The other thing to remember is that Tampa Bay has won for years with some pretty ugly line-ups – now they have had marvelous starting pitching. 2013 Yanks have good to maybe great starting pitching. If our starters can be great for April and May, we may not have to have a wonderful line-up. However, like TB did, we will have to go overboard with the speed game – Gardner and Suzuki (if he gets on) must run wild in that case.

  29. Winter says:

    Am I the only one who doesn’t think this year’s pitching is a lock to be good? I sincerely hope it will be, and I think it has the potential to be great, but it seems like I’m seeing more question marks than most:

    Sabathia: Coming of surgery on his throwing arm. Then again, it takes more than that to stop CC.

    Kuroda: 38 and coming off a career-high in innings pitched. Last year was the best season of his career, and while I hope he can repeat, he did start to flag towards the end of last year (remember he skipped throwing between starts to keep his stamina up).

    Hughes: Hopefully his back is OK.

    Pettitte: It’s really not worth guessing with Pettitte, he’ll just prove me wrong. I could say he’s old and spent most of last year on the DL, but strangely, outside of CC, I have more confidence in Andy than any other starter.

    Nova/Phelps: One was seriously disappointing last year (Nova) while the other was mediocre (“big game Phelps” meme aside) and is due for a sophomore slump.

    Again, hopefully I’m wrong about all of this, but I don’t see the rotation as a given.

    • Robinson Tilapia says:

      “Am I the only one who doesn’t think this year’s pitching is a lock to be good?”

      No one’s pitching is ever a lock to be as good as you think they’re going to be. Par for the course.

      That being said, sure, all of those scenarios are possible, and a couple may happen.

    • Adam says:

      Winter – I swear I didnt read your post before writing mine. Great minds think alike.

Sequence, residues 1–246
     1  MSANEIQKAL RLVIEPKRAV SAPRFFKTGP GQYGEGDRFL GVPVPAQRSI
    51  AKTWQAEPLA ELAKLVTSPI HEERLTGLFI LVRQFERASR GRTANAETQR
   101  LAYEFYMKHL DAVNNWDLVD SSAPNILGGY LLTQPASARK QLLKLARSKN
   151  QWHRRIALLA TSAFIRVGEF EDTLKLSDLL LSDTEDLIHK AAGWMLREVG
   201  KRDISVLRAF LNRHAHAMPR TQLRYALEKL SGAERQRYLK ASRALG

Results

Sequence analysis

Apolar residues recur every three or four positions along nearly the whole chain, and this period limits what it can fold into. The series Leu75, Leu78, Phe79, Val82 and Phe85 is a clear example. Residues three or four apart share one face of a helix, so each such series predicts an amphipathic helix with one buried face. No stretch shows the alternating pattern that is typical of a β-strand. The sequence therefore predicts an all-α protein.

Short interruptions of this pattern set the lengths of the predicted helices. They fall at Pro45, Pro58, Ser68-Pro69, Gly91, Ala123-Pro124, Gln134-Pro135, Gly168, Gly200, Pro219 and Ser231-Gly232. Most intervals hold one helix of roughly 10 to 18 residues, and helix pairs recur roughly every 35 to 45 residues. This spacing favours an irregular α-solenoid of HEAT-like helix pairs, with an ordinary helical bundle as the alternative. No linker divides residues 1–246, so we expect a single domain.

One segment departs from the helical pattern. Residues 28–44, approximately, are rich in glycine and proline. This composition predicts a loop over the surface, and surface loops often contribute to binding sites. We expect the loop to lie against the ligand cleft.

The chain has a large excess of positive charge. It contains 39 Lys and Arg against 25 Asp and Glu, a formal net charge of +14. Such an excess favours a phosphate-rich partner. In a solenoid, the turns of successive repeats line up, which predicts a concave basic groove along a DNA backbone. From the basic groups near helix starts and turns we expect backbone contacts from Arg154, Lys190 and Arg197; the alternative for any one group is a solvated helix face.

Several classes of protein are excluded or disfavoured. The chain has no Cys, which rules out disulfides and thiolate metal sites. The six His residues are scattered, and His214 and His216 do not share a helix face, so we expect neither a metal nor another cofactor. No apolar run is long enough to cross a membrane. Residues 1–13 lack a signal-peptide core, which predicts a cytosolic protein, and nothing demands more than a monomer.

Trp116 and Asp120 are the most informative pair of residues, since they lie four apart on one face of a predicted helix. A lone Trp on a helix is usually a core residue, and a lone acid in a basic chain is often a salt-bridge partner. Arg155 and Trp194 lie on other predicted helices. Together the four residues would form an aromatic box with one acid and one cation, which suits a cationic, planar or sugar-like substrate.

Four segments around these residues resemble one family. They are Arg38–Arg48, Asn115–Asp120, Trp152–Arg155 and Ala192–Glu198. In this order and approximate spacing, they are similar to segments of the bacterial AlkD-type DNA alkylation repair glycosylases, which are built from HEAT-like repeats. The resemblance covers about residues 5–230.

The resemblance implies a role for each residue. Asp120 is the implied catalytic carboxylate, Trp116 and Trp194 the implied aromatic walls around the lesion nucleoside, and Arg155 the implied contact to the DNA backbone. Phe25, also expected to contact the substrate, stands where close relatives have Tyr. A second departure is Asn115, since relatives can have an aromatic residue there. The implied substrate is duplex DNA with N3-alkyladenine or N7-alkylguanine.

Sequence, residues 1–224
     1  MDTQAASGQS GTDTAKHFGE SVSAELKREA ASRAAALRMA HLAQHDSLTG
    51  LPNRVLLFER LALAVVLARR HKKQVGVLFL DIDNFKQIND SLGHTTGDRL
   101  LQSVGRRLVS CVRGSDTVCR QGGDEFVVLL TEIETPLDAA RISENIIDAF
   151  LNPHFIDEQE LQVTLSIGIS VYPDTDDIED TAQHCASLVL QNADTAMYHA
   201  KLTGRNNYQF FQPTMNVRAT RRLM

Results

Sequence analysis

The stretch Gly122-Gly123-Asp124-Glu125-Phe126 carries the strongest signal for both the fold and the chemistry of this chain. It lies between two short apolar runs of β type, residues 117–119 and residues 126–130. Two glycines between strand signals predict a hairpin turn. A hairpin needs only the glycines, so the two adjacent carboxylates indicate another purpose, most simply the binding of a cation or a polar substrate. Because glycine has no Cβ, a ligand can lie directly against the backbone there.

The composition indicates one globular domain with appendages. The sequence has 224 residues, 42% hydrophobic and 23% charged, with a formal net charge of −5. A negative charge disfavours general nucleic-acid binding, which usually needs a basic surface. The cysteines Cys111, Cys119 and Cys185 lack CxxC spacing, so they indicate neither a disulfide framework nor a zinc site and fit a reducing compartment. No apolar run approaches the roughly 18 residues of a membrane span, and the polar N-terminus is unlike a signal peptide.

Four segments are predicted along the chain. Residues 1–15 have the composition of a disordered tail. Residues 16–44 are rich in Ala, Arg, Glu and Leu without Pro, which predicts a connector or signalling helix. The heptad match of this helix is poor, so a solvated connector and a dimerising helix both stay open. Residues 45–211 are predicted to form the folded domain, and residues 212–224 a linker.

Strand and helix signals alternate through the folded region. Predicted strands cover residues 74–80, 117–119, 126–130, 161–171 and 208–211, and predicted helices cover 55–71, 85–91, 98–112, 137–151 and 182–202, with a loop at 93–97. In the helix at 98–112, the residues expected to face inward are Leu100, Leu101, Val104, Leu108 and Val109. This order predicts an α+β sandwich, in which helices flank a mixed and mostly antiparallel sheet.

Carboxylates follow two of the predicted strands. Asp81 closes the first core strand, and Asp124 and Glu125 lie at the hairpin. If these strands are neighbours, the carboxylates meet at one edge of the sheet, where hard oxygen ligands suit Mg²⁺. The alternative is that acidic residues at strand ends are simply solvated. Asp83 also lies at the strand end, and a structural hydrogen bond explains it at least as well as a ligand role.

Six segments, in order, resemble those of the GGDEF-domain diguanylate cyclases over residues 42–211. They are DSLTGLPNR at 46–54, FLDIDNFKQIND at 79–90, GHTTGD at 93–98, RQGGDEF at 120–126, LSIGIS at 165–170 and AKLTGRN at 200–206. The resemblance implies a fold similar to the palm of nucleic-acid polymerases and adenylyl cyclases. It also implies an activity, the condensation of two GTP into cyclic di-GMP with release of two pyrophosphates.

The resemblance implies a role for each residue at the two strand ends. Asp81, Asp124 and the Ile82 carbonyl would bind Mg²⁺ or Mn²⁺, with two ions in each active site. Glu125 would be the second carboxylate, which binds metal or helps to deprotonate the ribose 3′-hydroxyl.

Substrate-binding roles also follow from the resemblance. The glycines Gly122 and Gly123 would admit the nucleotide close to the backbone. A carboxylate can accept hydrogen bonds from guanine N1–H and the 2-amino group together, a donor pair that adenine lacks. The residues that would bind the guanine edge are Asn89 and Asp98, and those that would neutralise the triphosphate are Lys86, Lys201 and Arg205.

30. Adam says:

    Why is the rotation so strong? Yeah, CC, although I think he is overrated, he is a true #1. Pettite? I mean would an injury surprise anyone? Or a significant regression from last year? He is no spring chicken. Kuroda could regress and that wouldnt be a surprise. Hughes? Yeah he COULD be okay. Nova/Phelps? Cmon.

    I would say that their rotation is mediocre. Strong? Cmon.I live and die by the Yanks but lets be real.

    • Jim Is Bored says:

      Why does no one ever say “Let’s be real” and then say something positive?

      Being real is not exclusively the realm of the pessimist, you know.

  31. FIn says:

    I agree with what Mike wrote. The Yankees put themselves in this situation. However, I don’t think signing Swish for 4 more years or Martin for 2 more were the right moves either. This team is gearing up to rebuild, unless they were going to go Dodger crazy with money, it was going to happen even without the $189. Years of winning always come to an end eventually, and this seems to be the year for the Yankees. I thought that before all of these injuries this early. The team is too old and through injuries or age related performance declines, the odds seemed very high to me that this was going to be a long year. It’s going to be interesting to see how long it takes the Yankees to rebuild, especially if they are sticking to $189. Hopefully, they are as skilled in rebuilding as the Braves have been, but I’m not holding my breath for that.

  32. Conor says:

    I don’t see how expectations for this team should be that different from say 2005. That year our best starting pitcher was Randy Johnson (age 41). Kevin Brown was 40, declining (2004 ERA 4.09) and then terrible. Mussina was already 36 and his ERA was 4.59 the season before. We came into the season knowing the pitching staff had question marks and feeling confident that the Yankees would slug their way to victories. And they won 95 regular season games.

    This year Nova, Phelps and Hughes are all young and give the Yankees depth at the back. Sabathia was very, very good last season. Kuroda and Pettite were excellent. We aren’t hoping for bounce back years from any of the older pitchers unlike in the mid 2000s. The relief pitching was very good last year and should be very good again. The Yankees will win lots of games on the mound this season, even the 1-0 and 2-1 games where the offense barely shows up. Sure the offense is pretty mediocre and may even become bad, but this isn’t like a 2010 SF Giants offense.

    The Yankees are still going to be a contender for the division title and at the least a likely wildcard entry. Stop all the doom and gloom talk.

    • Fin says:

      LOL, if you cant understand why the 05 team was better, with 8, healthy future/almost hall of fame players in their in their prime, I dont know what to say.